Lastly of course there is the dual voltage AC adapter, designed to allow you to take the z50 anywhere in the world and charge back up.

Anyone who is looking at the z50 for data entry will, no doubt be thinking in terms of getting very acquainted with the keyboard. For this regard, again the build quality of the IBM shows through, with a firm, well spaced out, 95% size keyboard. I found that a typing rate very similar if not equal to that I can get on a good full size keyboard, with the only problem I had being the odd accidental nick of the mouse or the alt key. Ordinarily on a Windows PC this wouldn't be a problem but under CE this automatically brings up the primary menu (usually 'File') of the application you are currently working it, thus interfering in your train of thought while you flick it out of the way with the mouse or alt key.

Figure 5: The IBM Workpad z50's near full size keyboard

The main typing keys themselves are full size, configured in the US English style (The Workpad only being available in North America us UK importers have no leg to stand on because the pound sign is missing). The US keyboard layout does pose us a problem though. The z50's keyboard, while having an integrated numeric keypad available on numlock, doesn't support the input of hexadecimal character code to insert additional characters, something to consider if you need to input a lot of non-Roman English characters.
Along the top row of the keyboard, there is a set of keys, which will quickly strike you as out of place on any CE device - As they look suspiciously like F keys. IBM in a moment of brilliance have opted to call these keys the A keys.
Originality aside, they are all in all rather cryptic. Until you nervously push one for the first time to discover that they are nothing more than a set of programmable quick launch keys.
Somewhere buried in the box is a set of customisable stickers, which you can attach along the hinge cover moulding to provide a graphical prompt as to the key functions. As with hp devices the keys can be customised through a control panel applet to point to any .exe or CE shortcut you desire.

When looking at the keyboard, you can't escape the imposing red blob that is the stereotypical IBM trackpoint.

This is something you will either love, or you will loath.

The z50, unlike the vast majority of its Windows CE counterparts lacks a screen digitiser - better known as a Touch screen.
As a long time H/PC Clamshell user, this can take a surprising amount of time to get used to, as you naturally associate Windows CE with "Tap here" rather than "Click here".
Despite some suggestion to the contrary on web searches, I have found no drivers on the device to suggest that it is able to take an external mouse. Which for me, someone who is naturally repelled by the thought of having to use a trackpoint 'dot' mouse has been something of a letdown. Even through the optional cradle - which adds nothing more than a single action drop & dock connection point to the host PC - there is no facility for the addition of an external mouse or keyboard.

To make up for this shortcoming (if indeed you consider a trackpoint such) the z50 doesn't stop there. Along the right hand edge of the unit are two hinged rubber flaps, which fit snugly into the recess. Pull them away to reveal the presence of the serial port (a proprietary connector) and a VGA DSUB port allowing for the connection to an external monitor, or even projector.
Connecting to an external screen is a simple process. Just plug in the screen and using the IBM 'Rapid Access' program you can switch between dual mode display on both the LCD and external device. Or just have the internal screen for 'Power saving mode'. Through experimenting with this, there is no way to display dedicatedly on the external screen using Rapid Access, although we were able to work out how to achieve this through manipulating the registry (See associated CESD article). The process of using Windows CE on an external screen does put a new light on the platform. The z50 documentation states that on an external screen the device can output at 800x600 up to 75Hz refresh rate. Alas I have as yet been unable to get it to output and anything other than the default 640x480 at 60Hz. XGA (1024x768) output is not supported even though the z50 contains sufficient dedicated video RAM.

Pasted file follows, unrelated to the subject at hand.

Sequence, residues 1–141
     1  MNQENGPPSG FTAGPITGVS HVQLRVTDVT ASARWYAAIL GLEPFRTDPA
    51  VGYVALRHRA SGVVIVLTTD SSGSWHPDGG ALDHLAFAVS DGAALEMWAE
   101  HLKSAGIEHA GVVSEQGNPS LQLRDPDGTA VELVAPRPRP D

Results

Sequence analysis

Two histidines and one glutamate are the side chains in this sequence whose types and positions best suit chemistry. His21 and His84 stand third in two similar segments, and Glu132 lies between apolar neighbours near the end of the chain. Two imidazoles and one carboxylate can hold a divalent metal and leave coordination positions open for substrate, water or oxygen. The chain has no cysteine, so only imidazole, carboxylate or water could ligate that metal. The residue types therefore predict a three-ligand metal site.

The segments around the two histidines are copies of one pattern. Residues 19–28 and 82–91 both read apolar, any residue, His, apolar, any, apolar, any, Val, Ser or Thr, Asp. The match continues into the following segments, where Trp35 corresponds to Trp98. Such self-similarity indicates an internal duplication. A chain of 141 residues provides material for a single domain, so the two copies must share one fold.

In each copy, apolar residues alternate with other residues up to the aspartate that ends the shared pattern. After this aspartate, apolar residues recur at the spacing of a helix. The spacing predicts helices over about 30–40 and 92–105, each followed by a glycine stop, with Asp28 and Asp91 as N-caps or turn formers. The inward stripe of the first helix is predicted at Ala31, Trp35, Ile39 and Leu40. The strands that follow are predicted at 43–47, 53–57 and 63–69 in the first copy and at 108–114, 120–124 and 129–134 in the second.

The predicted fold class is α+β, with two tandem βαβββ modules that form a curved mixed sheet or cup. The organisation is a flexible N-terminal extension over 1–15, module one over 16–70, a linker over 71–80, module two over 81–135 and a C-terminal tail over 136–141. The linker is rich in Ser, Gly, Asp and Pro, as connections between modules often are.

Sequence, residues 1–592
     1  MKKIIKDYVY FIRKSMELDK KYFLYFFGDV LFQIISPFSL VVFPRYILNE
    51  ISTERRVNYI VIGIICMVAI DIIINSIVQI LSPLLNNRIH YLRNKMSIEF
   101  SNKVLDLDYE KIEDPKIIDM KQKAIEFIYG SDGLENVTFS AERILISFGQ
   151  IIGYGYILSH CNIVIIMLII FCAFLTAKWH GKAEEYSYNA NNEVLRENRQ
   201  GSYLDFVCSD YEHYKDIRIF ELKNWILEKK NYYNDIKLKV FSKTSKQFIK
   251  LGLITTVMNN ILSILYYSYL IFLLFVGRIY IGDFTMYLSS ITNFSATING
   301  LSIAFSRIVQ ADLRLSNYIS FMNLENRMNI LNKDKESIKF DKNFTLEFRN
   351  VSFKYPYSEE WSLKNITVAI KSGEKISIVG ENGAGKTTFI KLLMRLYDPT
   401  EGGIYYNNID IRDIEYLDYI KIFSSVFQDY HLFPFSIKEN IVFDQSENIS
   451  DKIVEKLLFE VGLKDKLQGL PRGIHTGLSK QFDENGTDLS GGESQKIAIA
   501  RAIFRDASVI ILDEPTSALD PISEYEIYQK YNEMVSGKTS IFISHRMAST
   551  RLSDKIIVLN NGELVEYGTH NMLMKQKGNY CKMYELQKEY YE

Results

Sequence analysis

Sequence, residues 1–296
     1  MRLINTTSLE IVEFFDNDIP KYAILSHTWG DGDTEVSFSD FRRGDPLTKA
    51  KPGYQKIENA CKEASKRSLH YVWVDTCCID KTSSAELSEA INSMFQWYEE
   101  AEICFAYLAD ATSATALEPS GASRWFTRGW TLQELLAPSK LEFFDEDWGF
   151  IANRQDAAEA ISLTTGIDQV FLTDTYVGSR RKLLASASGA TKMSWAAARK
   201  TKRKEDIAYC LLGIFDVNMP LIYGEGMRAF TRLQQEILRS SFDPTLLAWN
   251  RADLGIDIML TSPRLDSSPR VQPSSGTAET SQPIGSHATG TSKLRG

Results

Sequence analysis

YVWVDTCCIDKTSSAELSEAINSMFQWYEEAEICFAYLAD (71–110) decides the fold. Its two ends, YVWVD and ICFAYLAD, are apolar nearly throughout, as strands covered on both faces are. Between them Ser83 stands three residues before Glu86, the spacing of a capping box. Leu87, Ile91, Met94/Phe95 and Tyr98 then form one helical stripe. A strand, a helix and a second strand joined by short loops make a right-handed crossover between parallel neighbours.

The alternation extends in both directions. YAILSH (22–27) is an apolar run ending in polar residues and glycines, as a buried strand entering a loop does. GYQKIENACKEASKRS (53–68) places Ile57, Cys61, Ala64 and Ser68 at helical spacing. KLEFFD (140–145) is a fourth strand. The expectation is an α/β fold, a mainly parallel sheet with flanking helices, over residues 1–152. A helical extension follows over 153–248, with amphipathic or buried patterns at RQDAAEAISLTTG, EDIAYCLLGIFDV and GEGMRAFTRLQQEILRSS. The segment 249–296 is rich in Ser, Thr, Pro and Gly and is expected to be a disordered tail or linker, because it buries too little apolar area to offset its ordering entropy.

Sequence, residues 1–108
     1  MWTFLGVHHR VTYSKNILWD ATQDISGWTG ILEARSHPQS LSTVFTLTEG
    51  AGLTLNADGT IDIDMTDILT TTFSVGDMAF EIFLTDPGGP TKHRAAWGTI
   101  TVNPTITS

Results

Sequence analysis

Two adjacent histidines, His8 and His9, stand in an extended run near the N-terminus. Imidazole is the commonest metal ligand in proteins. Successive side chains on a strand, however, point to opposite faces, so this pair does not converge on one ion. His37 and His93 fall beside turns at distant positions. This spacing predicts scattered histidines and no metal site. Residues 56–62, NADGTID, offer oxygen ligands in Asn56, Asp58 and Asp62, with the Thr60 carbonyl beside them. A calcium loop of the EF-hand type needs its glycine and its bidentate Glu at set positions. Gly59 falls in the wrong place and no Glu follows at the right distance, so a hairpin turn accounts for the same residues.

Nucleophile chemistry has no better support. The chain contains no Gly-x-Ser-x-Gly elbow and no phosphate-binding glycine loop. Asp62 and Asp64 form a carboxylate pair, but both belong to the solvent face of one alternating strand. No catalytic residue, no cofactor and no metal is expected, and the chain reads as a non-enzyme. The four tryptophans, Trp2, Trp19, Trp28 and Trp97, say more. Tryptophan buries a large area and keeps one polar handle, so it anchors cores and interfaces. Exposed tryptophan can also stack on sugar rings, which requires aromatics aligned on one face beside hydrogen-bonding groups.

Figure 6: The Left and Right sides of the z50

Lastly down the right hand side is the Handheld PC synonymous Infrared lamp - an unusual 4Mbps FIR implementation exists on the z50, although you will need third party IrOBEX software to make use of it at 4Mb. - and the CF Card slot, supporting both Type I and II cards, with an easy to access eject button it, like its PC Card slot on the opposite side is well positioned.

Spanning the thin profile of the left hand side of the z50 are PC Card, Headphones / Mic sockets and the analogue modem. The PC Card slot is billed as supporting Type I, II and III PC Card's; clearly whoever stated the idea that it could support a type III card, while accurate from the perspective of the system bus. Has never seen a Type III PC Card. If they had, they would have known that a type III wouldn't physically fit into a standard type II proportioned slot.

Intriguingly there is also a covered over moulding in the side of the z50, which looks auspiciously like that of a Smart Card reader. As IBM were known to customise the devices on request for large corporations, there could well be versions of the z50 out there equipped with Smart Card readers.

Once again, some thought has gone into the sound system on the Workpad. The build in speaker is crisp and has substantial gain on it. Although this can be a problem when it tends to jump up again after soft resets, and there really isn't a comfortable quiet environment headphone level on it for listening to music.
The device supports an external microphone, opening up another possible area of continued use for the device. Journalists.
Cleverly IBM has integrated two quick access buttons that can be accesses both when the screen is open and when it is closed. The first is simply to discard a system alarm without having to open up the device, power up and cancel it - most useful in its own right. The second button is for the voice recorder.
Push once while the z50 is on or off, and the screen open or closed and the device will launch voice recorder and begin recording automatically. When the screen is closed, the integrated Mic is also exposed similarly to the quick access button.

Figure 7: The quick access buttons and charge LED